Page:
(Rock Hill, S.C.) — On a Wednesday evening at Winthrop University, in Bancroft Hall room 339, work is happening. The Socialist Student Union and the four students and faculty adviser who make up the organization are working diligently to make it through the meeting agenda that is a full-page long.
They open the meeting by discussing current events — including the election cycle, the New Hampshire primary and Bernie Sanders — until Dr. Stephen Smith, the group’s faculty adviser and a political science professor, stops and posits a question.
“If you knew that another candidate had a better chance at beating (President Donald) Trump than Bernie (Sanders), who would you vote for?”
This sparks new discussion and although not all members are always in agreement, they allow each other to defend their positions without much crosstalk among the group and each person gets a turn to voice their thoughts.
The organization has been around since the mid-1990s, but has experienced a lull in activity since around 2016, according to Smith.
“Like every organization, it has its ups and downs. During the Iraq War it was very active, when it first started it was very active. Now it’s kind of in a bit of a low point, like most leftist movements at this point are at a low point,” Smith said.
At its most active points, the SSU organized lectures, invited guest speakers and protested on the front steps of Byrnes Auditorium.
Josh Simon, a freshman political science and history major, is attempting to restart the organization after learning about the SSU when he came to campus last semester.
He said there was not a lot of interest for the organization last semester, but now it has three more members to help get the SSU up and running again.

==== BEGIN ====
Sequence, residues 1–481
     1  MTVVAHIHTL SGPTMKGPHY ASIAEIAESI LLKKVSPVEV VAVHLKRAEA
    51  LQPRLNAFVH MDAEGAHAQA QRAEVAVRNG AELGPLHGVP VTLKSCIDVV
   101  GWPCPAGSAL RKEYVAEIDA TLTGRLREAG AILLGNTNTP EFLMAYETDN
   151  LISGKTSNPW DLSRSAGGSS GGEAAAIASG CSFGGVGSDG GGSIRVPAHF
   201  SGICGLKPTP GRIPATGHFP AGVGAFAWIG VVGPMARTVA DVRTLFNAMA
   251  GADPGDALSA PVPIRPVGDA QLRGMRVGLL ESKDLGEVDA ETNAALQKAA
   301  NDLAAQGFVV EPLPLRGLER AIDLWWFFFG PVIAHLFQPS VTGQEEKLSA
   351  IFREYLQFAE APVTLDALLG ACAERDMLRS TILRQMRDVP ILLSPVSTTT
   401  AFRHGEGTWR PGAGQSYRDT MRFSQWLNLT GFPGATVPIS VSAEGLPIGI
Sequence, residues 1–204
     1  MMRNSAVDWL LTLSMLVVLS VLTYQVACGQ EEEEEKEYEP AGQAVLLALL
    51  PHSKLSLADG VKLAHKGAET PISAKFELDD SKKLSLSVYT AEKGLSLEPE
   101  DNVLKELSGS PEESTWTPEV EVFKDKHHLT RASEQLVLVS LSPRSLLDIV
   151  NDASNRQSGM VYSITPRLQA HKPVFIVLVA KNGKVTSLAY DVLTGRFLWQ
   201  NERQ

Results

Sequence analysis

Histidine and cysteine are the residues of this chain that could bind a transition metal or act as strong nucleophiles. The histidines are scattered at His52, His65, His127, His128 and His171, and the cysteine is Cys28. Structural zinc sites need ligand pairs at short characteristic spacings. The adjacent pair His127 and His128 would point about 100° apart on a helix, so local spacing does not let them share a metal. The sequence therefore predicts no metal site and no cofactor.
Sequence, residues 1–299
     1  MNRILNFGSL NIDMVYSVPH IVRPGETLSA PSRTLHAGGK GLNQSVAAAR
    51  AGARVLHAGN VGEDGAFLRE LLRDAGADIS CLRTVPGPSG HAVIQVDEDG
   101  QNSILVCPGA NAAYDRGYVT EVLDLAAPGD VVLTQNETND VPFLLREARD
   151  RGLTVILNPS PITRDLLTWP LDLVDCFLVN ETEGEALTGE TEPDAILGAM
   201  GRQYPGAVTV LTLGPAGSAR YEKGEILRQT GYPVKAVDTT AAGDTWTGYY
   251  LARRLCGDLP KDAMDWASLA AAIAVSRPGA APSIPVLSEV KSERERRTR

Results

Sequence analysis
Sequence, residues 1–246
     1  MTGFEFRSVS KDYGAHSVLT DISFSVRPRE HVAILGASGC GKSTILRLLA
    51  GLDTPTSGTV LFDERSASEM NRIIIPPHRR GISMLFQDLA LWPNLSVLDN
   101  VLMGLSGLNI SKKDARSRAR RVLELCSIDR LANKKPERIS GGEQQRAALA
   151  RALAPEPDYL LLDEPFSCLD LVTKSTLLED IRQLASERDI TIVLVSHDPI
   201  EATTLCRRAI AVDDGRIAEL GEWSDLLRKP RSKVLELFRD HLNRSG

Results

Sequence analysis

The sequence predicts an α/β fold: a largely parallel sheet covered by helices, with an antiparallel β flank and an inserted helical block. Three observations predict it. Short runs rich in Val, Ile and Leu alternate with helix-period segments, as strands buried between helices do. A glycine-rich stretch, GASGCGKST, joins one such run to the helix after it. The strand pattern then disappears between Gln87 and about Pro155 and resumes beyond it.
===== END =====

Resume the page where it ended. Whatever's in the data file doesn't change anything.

Unlike other political organizations on campus, such as the College Republicans and College Democrats, the SSU focuses on ideologies rather than party politics, according to its members.
“We’re not Republicans. We’re not capitalists. College Democrats are largely capitalist, I think almost completely capitalist, and they are specifically focused on party politics. We’re focused on pushing socialism,” said Simon. “Socialist policy is transitioning the working class to where they have dominion over their own lives.”
Jadden Bergholm, a senior English major and member of SSU, said organizations that are dedicated to political parties are okay, but it’s good to have groups that focus on ideologies.
“There’s some overlap with the College Democrats but we are not dedicated to a party, so we have the ability to constantly fight for what we believe in and not necessarily have to be kind of egalitarian in how we treat the different candidates,” Bergholm said.
To build momentum and reestablish themselves on campus, the SSU has several projects in the works.
“We plan on working with the Muslim Student Association. We want to do some kind of event that helps us show solidarity with them,” said Bergholm.
While nothing has been solidified yet, Simon said the SSU hopes to “build a large network of solidarity and trust and relationships” with other student organizations on campus.
The SSU also plans a campaign of awareness for Blackmon Road, an extremely impoverished area in Rock Hill.
“There’s a lot of poverty there and a lot of neglect from the city government. We want to bring attention to that and potentially make a campaign to get students aware of that area and aware of the different programs and ways that they can help that area,” Bergholm said.